In its official documents, the District determined that “although the proposed project could have a significant effect on the environment, there will not be a significant effect in this case because revisions in the project and mitigation measures have reduced all impacts to an insignificant level.” A finding of no significant impact means the Park District is not required to prepare an Environmental Impact Report.
But CNPS and the Sierra Club don’t agree. They are especially concerned about the potential impacts an increase in trail and road traffic might have on the Caldecott Wildlife Corridor, a portion of which runs through Sibley. This corridor provides connectivity along the Oakland/Berkeley Hills between the Preserve and Oakland’s Grizzly Peak Open Space, allowing sufficient habitat for wide-ranging species such as foxes, deer, coyotes, and mountain lions.
Norman La Force of the Sierra Club’s San Francisco Bay chapter has raised concerns about the placement of campsites, roads, and trails adjacent to riparian corridors. The CNPS, in its letter to the District, also cites an increased likelihood of wildland fires due to fire pits, and questions the impact that more visitors might have on rare and unusual plant species, the local fauna, and the cultural and geologic resources on this property, which has been off-limits to the public since it was acquired in 1992.
Both the CNPS and the Sierra Club question whether the recreational activities proposed for the Mudstone Unit are in keeping with Sibley’s designation as a “preserve” rather than a “park.” But retired District Assistant General Manager Tom Mikkelsen, who conducted a review of the District’s Camping Program, points out that the Park District’s revised 1997 “Master Plan” is a guideline, with “no hard-and-fast definitions.” Among other minimum standards, these guidelines loosely define a Regional Park as being able to accommodate a variety of recreational activities which “may not take place in more than 30 percent of its area,” whereas recreational activities in a Regional Preserve “will comprise no more than five percent of the area.”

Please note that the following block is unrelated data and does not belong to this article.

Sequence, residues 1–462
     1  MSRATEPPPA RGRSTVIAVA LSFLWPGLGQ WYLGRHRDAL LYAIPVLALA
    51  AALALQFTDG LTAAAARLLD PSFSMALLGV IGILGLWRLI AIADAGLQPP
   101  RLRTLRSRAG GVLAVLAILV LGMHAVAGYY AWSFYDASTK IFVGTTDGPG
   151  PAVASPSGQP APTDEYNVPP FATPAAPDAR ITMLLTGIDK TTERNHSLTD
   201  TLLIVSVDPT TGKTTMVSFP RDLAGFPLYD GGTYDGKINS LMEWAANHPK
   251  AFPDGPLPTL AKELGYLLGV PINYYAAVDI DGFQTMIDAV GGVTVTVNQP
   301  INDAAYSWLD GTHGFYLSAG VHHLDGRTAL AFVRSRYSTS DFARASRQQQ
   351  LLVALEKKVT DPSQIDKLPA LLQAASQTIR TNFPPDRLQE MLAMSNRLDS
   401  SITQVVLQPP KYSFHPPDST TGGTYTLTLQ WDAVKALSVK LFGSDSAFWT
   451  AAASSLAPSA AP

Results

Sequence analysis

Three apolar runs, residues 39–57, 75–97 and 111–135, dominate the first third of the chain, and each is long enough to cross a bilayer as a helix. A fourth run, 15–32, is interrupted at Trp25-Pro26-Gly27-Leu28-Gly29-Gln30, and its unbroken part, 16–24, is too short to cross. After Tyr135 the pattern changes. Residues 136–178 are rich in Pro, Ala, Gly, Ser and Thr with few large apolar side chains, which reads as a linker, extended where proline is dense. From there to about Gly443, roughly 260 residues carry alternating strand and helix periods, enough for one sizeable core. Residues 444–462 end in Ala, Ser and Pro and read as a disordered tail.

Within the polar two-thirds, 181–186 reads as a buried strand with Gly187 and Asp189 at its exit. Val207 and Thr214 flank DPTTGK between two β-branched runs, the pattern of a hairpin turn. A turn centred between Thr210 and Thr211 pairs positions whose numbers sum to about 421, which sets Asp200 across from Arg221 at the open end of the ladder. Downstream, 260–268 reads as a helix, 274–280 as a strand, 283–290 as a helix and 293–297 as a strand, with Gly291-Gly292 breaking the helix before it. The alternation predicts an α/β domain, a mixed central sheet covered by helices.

Both Mikkelsen and District Chief of Planning and Stewardship Brian Wiese assert that despite the controversy, recreational uses in the Preserve would occupy considerably less than the recommended five percent. According to Wiese, the Park District calculates that the existing and proposed recreation plans together would cover some 5.85 acres, or 0.9 percent, of the approximately 660-acre preserve.
Nonetheless, Mikkelsen said that the Park District board of directors and staff “will take to heart” the public’s concerns. “If there are things to change, the plan will be recast to address these issues,” Mikkelsen said. The Park District hopes to have a response to comments by mid-summer.
A public hearing to address the Sibley Volcanic Regional Preserve Land Use Plan Amendment, scheduled for February 1, 2005, was postponed, and a new meeting date has yet to be announced; check the Park District’s public hearing calendar for details. More information about the proposed recreational facilities at Sibley, including the draft Land Use Plan Amendment, Initial Study, and Proposed Mitigated Negative Declaration, can be viewed at the Park District’s website. If you are interested in helping shape the future of Sibley, contact the Park District, the East Bay Chapter of CNPS, or the Bay chapter of the Sierra Club.
- Matthew Bettelheim